XIAMEN - Singapore's relationship with China is in a good state, and China's leaders want the two countries to do more together, said Prime Minister Lee Hsien Loong.
At the same time, the relationship is changing as China develops, and Singapore's role needs to change too for this relationship to stay meaningful, he told reporters on Thursday (Sept 21), at the conclusion of his three-day official visit to China.
Asked for his assessment of the trip, which saw him meet four of the seven members of China's apex Politburo Standing Committee in Beijing, including President Xi Jinping and Premier Li Keqiang, Mr Lee said Chinese leaders gave positive assessments of ties and were keen on improving them.
"Bilateral relations are stable - more than stable, they are in a good state," said Mr Lee. "We had some issues to deal with last year, but this year there have been many exchanges: we had the JCBC (Joint Council for Bilateral Cooperation) meeting in February and our ministers have come up for many reasons, to Beijing as well as to many other cities."
But while joint programmes and projects are progressing on many fronts - such as an agreement to cooperate on judicial and legal matters that was signed in August - China today is not the same place as when ties first began.
"In the old days, China was in a different place. Singapore was able to play a different role because China had not yet opened up, and we were able to help them in this process," said Mr Lee.
"Now, they are in a much more developed situation, many more links with all the major players, but Singapore needs to continue to be able to add value to China in order for the relationship to be worthwhile for both sides."
Following his meetings in Beijing on Tuesday and Wednesday, Mr Lee came to Xiamen to see projects where Singapore's expertise has continued to make a difference in China.
Besides officiating at the opening of a reconstructed OCBC building that marks over 90 years of the bank's presence in China, Mr Lee visited the Fujian (Xiamen)-Singapore Friendship Polyclinic, the first polyclinic jointly set up by the two countries, and ST Aerospace Technologies (Xiamen), a high-tech engine overhaul facility that was opened in 2011.
Singapore has an advantage over most other countries through its cultural affinity with China, but it is also necessary sometimes to flag the fact that Singapore has a distinct identity, Mr Lee noted.
"From the Chinese point-of-view, yes you are a different country but you are also the one which has the most cultural affinity with China," he said.
"So for us to take advantage of that cultural affinity, and at the same time to be able to maintain a distinct identity and be quite clear that we are multi-racial and we are not a Chinese society, I think that is something which we will continue to have to manage, and continue to have to try to maintain in China."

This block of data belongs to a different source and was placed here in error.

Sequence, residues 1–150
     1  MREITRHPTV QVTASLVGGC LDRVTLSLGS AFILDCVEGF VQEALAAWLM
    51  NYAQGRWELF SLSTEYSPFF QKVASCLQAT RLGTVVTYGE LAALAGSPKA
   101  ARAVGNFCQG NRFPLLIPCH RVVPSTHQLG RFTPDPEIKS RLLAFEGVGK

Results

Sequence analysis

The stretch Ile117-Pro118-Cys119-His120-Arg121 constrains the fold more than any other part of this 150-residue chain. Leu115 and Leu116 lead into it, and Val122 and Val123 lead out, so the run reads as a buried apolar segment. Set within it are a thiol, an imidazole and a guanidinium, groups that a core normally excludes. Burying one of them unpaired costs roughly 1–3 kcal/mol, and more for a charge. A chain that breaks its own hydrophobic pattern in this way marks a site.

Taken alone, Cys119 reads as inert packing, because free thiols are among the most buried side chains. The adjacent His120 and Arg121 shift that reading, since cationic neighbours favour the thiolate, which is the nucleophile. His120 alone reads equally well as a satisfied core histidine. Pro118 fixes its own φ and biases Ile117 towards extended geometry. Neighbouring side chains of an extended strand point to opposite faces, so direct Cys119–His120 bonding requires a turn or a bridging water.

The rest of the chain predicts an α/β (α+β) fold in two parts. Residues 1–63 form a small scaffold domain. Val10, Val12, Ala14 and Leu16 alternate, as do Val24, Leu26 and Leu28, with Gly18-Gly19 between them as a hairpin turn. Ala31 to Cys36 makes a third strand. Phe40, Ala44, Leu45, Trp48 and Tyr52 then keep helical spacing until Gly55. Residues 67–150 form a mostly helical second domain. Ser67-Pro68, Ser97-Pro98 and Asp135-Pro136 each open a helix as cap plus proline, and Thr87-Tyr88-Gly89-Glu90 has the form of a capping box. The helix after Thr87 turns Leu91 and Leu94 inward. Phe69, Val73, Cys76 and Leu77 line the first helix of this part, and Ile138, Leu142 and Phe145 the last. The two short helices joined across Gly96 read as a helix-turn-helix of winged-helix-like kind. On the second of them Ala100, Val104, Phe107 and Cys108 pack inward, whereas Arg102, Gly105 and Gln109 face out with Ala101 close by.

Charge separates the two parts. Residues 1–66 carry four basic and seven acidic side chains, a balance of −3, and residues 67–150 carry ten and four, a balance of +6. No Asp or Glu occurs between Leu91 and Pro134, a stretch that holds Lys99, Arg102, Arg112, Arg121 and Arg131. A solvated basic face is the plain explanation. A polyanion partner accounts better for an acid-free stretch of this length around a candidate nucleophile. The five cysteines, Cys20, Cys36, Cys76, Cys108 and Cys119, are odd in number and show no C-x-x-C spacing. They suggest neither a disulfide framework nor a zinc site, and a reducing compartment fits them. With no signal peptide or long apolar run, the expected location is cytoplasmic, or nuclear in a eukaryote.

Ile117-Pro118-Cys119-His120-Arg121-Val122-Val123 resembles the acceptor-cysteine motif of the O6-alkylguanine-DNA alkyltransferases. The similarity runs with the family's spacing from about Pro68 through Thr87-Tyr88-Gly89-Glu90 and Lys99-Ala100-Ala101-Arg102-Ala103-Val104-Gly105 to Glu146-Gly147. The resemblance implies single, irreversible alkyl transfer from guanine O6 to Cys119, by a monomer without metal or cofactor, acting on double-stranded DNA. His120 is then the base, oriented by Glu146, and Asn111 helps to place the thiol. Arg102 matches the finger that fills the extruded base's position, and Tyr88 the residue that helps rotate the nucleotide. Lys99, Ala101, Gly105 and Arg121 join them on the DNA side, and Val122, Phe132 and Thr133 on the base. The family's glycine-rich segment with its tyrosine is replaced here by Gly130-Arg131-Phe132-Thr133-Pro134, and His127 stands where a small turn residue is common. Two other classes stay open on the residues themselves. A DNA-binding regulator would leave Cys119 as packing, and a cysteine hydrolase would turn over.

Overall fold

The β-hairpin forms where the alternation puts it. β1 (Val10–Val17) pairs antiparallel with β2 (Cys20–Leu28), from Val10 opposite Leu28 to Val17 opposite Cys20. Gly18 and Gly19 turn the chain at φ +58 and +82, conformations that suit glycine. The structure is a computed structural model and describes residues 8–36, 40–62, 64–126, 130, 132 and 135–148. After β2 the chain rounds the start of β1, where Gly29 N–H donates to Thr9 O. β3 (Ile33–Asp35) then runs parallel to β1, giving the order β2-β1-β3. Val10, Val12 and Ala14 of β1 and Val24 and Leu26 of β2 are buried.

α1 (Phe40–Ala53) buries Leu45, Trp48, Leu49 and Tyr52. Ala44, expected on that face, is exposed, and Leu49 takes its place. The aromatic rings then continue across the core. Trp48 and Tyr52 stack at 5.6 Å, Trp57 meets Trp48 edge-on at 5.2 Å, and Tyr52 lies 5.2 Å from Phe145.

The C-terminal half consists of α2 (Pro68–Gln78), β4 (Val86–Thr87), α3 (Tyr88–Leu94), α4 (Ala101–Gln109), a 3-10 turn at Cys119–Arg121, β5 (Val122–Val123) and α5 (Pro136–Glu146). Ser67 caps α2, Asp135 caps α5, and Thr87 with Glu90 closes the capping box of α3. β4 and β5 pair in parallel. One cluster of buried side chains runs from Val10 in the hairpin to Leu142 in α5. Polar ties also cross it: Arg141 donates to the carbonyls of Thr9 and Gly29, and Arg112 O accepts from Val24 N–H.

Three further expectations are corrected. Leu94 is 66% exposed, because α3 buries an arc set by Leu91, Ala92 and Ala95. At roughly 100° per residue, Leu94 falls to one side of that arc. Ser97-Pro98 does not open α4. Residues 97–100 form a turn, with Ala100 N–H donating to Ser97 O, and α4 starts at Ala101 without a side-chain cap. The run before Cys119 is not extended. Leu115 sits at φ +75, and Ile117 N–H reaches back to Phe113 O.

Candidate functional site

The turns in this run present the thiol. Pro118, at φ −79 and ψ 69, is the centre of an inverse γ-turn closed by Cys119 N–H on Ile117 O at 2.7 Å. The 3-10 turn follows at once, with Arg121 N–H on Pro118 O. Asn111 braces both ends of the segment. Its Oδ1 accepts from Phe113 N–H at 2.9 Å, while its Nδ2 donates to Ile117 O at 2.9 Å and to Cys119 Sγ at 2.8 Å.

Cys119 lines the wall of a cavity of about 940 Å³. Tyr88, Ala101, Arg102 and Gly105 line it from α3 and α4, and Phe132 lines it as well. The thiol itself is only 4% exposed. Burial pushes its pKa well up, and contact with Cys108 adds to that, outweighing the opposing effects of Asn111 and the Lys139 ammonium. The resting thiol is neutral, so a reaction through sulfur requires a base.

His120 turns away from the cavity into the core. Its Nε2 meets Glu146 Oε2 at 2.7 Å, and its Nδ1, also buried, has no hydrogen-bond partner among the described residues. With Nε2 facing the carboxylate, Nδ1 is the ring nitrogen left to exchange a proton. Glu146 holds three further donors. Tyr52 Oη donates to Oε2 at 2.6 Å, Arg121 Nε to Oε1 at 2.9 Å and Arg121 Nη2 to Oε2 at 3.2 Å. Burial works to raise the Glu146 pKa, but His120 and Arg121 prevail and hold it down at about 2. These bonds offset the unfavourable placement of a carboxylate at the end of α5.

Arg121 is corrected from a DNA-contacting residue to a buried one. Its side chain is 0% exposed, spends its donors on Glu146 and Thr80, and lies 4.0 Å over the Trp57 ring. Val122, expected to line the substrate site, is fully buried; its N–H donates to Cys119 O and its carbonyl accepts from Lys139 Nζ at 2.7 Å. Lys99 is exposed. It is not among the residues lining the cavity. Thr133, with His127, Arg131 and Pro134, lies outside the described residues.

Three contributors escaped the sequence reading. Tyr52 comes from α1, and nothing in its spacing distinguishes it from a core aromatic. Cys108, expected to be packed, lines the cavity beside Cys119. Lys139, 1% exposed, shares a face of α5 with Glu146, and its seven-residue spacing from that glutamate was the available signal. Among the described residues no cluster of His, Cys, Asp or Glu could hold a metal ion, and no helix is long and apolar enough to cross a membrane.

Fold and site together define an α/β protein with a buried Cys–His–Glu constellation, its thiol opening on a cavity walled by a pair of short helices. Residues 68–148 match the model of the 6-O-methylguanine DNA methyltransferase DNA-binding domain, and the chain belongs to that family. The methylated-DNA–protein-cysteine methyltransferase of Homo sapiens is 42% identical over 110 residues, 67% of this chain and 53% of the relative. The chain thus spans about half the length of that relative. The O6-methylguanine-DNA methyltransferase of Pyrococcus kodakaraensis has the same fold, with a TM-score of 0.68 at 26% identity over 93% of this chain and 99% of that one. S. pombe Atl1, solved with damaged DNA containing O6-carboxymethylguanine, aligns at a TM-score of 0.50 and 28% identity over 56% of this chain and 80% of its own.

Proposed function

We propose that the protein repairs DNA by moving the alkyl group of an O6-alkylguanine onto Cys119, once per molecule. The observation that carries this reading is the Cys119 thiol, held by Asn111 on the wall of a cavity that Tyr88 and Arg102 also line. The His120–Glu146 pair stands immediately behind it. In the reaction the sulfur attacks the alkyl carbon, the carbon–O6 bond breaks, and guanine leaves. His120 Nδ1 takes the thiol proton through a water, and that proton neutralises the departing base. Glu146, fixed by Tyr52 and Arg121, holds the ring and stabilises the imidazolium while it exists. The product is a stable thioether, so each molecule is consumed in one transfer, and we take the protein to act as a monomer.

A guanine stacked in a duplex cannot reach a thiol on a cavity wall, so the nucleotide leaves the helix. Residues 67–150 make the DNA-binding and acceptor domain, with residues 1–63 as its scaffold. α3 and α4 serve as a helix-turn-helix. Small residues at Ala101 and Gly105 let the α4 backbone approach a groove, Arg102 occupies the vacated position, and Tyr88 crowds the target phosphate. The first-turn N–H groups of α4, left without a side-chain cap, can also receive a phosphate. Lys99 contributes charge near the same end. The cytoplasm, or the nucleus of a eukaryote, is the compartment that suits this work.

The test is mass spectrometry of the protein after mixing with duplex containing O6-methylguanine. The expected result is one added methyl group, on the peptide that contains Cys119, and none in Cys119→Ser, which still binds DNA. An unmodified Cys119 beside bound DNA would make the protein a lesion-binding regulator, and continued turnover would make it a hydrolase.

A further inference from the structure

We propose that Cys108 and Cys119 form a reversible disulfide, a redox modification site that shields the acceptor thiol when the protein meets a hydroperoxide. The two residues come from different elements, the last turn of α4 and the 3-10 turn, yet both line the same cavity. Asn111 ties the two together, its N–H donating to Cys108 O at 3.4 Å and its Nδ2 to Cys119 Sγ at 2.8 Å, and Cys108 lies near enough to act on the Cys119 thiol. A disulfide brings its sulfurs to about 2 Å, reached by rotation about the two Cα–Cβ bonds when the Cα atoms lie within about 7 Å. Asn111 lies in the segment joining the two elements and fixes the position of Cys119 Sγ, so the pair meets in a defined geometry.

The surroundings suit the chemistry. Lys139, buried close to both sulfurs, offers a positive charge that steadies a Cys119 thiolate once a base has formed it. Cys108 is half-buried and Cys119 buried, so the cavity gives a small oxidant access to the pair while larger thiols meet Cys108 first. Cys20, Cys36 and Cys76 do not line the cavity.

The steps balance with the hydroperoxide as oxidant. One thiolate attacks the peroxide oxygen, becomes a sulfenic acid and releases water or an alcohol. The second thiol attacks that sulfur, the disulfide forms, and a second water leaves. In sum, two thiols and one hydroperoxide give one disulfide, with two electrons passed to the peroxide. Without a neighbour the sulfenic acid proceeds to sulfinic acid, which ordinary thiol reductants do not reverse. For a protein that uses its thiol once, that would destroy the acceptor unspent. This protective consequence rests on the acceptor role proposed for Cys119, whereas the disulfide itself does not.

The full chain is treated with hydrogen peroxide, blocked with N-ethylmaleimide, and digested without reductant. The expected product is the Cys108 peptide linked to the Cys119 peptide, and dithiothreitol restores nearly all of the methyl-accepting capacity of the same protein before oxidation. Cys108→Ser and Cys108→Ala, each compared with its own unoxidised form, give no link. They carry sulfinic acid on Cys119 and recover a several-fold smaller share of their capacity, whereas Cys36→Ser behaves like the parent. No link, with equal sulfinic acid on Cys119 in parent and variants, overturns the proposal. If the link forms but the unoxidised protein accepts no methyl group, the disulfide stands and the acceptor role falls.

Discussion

Without mentioning particulars, Mr Lee said it is expected that issues would crop up from time to time, given that Singapore and China are two different countries and sovereign interests will never perfectly align.
"Partly, of course there is another factor to this, which is that we are in South-east Asia, and we are a multi-racial country," he said.
This is one reason why he always tries to include non-Chinese ministers or appointment holders as part of the Singapore delegation on trips to China, he said.
"It visibly shows that we are different, but we are friendly," he said.
For bilateral ties to stay durable, relationships also have to be nurtured and cultivated continually, which is why the Singapore delegation on this trip includes younger ministers, said Mr Lee.
Other ministers on this trip include Defence Minister Ng Eng Hen, Foreign Minister Vivian Balakrishnan, Finance Minister Heng Swee Keat, and Minister in the Prime Minister's Office Chan Chun Sing.
Mr Lee noted that the Chinese leadership, too, has devoted energy to building up relationships over the long term. Mr Xi, for instance, visited Singapore back in the 1980s when he was vice-mayor of Xiamen, while anti-corruption czar Wang Qishan, whom Mr Lee met on Wednesday (Sept 20), was JCBC co-chairman from 2008 to 2012.
He added that the Chinese leaders he met have positive attitudes towards Singapore and want the two countries to have a constructive relationship.
To a question in Mandarin about the chemistry and whether sparks flew between top Singapore and Chinese officials on this trip, Mr Lee said: "The rapport is quite good, but there's no need for sparks, as we have met and talked with the Chinese leaders many times, and many Chinese leaders have had close cooperation and contact with us in the past."